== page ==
The Pitch: Over the past several years, Taylor Sheridan has found himself a nice little niche making hours and hours of great dad TV, specifically the hit Paramount Network series Yellowstone and its accompanying spinoffs. But one underlying quirk of his output is also his ability to bring high-level stars to TV to his original series: Kevin Costner in Yellowstone, Jeremy Renner in Mayor of Kingstown, Harrison Ford and Helen Mirren in the upcoming 1923, and now Sylvester Stallone in Tulsa King.
Stallone swaggers onto the screen in the new Paramount+ series as Dwight Manfredi, a one-time capo who just completed 25 years in prison for a murder he didn’t commit, keeping his mouth shut out of loyalty to his boss. But upon his release, he doesn’t receive quite the homecoming he was looking for, as the family’s new underboss Charles “Chickie” Invernizzi (Domenick Lombardozzi) decides to reward his loyalty by shipping him off to Tulsa, Oklahoma, where Dwight can set up business for the organization.
Recognizing the assignment for what it is — banishment — Dwight heads out to Tulsa anyway, and begins the process of rebuilding his life as a free man, while also discovering what kinds of opportunities are possible for a business-minded man who isn’t afraid to use a little violence to get what he wants.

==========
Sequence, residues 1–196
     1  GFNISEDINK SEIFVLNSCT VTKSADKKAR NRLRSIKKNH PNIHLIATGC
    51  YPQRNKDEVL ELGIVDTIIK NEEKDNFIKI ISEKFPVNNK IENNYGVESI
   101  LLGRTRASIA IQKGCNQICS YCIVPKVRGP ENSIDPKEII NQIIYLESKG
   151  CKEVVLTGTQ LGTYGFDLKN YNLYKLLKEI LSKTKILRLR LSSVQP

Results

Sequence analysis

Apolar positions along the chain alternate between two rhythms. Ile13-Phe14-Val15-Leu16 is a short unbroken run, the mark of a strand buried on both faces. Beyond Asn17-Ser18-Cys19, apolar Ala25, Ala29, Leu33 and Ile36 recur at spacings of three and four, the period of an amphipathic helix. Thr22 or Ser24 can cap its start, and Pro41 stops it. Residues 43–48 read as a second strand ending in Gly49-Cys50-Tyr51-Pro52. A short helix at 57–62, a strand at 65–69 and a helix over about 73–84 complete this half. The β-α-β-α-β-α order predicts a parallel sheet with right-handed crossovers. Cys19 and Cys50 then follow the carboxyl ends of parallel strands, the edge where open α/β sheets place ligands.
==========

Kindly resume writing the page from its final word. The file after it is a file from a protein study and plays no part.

Escape to Victory: Casting Stallone as the lead in a mafia story feels like an easy sell, despite it being something he’s done very rarely over the course of his career — in between the Rockys and Rambos and cop projects, perhaps the only notable instance of him playing in this genre is the 1991 comedy Oscar, which was not well-received. (Oh, but he did play Mafioso #2 in the 1976 comedy Cannonball!)
Dwight as a character is a curious nut, as there are times when his ruthlessness isn’t so charming — it’s one thing when he decks a surly capo or racist car salesman, another thing when he mets out violence against those less deserving. His whole purpose in coming to Tulsa is essentially to bring mafia business practices to a community unfamiliar with them; it’s one thing to relate to his plight, but it’s another to watch him exhort people who were just living their lives before he came to town.
That said, this premise is tailor-made to fit his persona, and Sheridan and executive producer Terence Winter (The Sopranos, Boardwalk Empire) know where the chief pleasures of this story lie: The opportunity to watch a made man contend with not just how the world has changed over the last 25 years, but a city whose understanding of “organized crime” is entirely limited to gangster movies.